Would it be helpful if there was a definite set of guidelines that would guarantee spiritual success — laws, like the law of gravity that would ensure you would thrive spiritually? What would you do with such a ‘list’? Are you willing to commit yourself to spiritual success?

I want to introduce and remind you of the laws God gave us for spiritual success. They are all together and we know them.

The Law of Grace

And God spoke all these words, saying, “I am the LORD your God, who brought you out of the land of Egypt, out of the house of slavery. Exodus 20:1–2 (ESV)

God took the initiative. All spiritual life and vitality springs from the grace of God.

He redeemed his people from physical slavery in Egypt demonstrating his power with ten miraculous plagues. The Passover was initiated with the final plague which included the penetrating symbol of the slain lamb.

He redeems us from bondage to sin. Jesus lived a life complete with miraculous signs. He became the slain lamb of God upon a cross and was resurrected to demonstrate God’s power over death.

God’s grace is demonstrated by his continual passion to live in relationship with us. He desires that we repent of our sins and follow Jesus. In fact, his willingness to forgive is greater than our desire to be forgiven. Everything that we do in the Kingdom of God starts with God’s grace.

Four Laws of Worship

God gave us these laws so that we might relate to him. He is worthy of worship. Worship is the first reasonable response to his grace. Here are the laws of worship.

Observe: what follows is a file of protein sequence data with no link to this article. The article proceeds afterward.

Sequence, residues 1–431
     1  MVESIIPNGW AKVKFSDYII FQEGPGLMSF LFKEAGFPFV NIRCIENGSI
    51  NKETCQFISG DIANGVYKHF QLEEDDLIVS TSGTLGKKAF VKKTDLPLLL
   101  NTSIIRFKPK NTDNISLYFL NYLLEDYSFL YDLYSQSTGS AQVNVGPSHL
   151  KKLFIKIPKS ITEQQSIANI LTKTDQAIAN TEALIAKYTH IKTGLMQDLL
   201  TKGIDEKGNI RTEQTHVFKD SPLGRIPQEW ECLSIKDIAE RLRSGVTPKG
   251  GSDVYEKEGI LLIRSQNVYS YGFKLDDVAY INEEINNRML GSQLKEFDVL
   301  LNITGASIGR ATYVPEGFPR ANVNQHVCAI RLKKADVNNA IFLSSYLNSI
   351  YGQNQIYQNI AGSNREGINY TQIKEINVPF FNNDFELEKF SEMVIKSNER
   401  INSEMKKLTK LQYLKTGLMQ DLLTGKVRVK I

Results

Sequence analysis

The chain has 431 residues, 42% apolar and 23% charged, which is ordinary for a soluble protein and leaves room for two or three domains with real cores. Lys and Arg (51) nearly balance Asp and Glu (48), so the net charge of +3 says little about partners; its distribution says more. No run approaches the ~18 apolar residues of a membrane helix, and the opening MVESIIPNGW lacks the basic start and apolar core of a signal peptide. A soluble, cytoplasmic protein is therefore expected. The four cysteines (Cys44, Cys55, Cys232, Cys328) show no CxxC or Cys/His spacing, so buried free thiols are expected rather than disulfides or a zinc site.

The first law of worship: only God

You shall have no other gods before me. Exodus 20:3 (ESV)

The original Hebrew texts omits the word before. We are to have no other gods — period.

This was a challenge for the ancient Israelites. They served Jehovah but they wanted to serve other gods as well. Everyone around them served multiple gods and they wanted to be like everyone else.

It’s a challenge for the church today, as well. We serve God but we often serve prosperity, comfort, success, family and our physical appetites. We do it because we want to be like everyone else.

The second law of worship: no images for worship

You shall not make for yourself a carved image, or any likeness of anything that is in heaven above, or that is in the earth beneath, or that is in the water under the earth. You shall not bow down to them or serve them, for I the LORD your God am a jealous God, visiting the iniquity of the fathers on the children to the third and the fourth generation of those who hate me, but showing steadfast love to thousands of those who love me and keep my commandments. Exodus 20:4–6 (ESV)

The people were to make no idols — large or small. The Israelites also constantly battled with this. They made the golden calf in the wilderness and then centuries later made calf idols. They also tended to have numerous personal idols in their homes.

Our images tend to be more subtle like the vehicle we drive, the clothes we wear or the places we go.

The third law of worship: how we use his name

You shall not take the name of the LORD your God in vain, for the LORD will not hold him guiltless who takes his name in vain. Exodus 20:7 (ESV

This means we must use God’s name with the respect and awe that is due. Consistently, we have broken this law in three ways:

  • Cursing in the name of God
  • Flippantly and carelessly using the name of God
  • Calling ourselves Christians and living like the devil

We truly need to renew our sense of fear of the Lord.

The fourth law of worship: honor his day of rest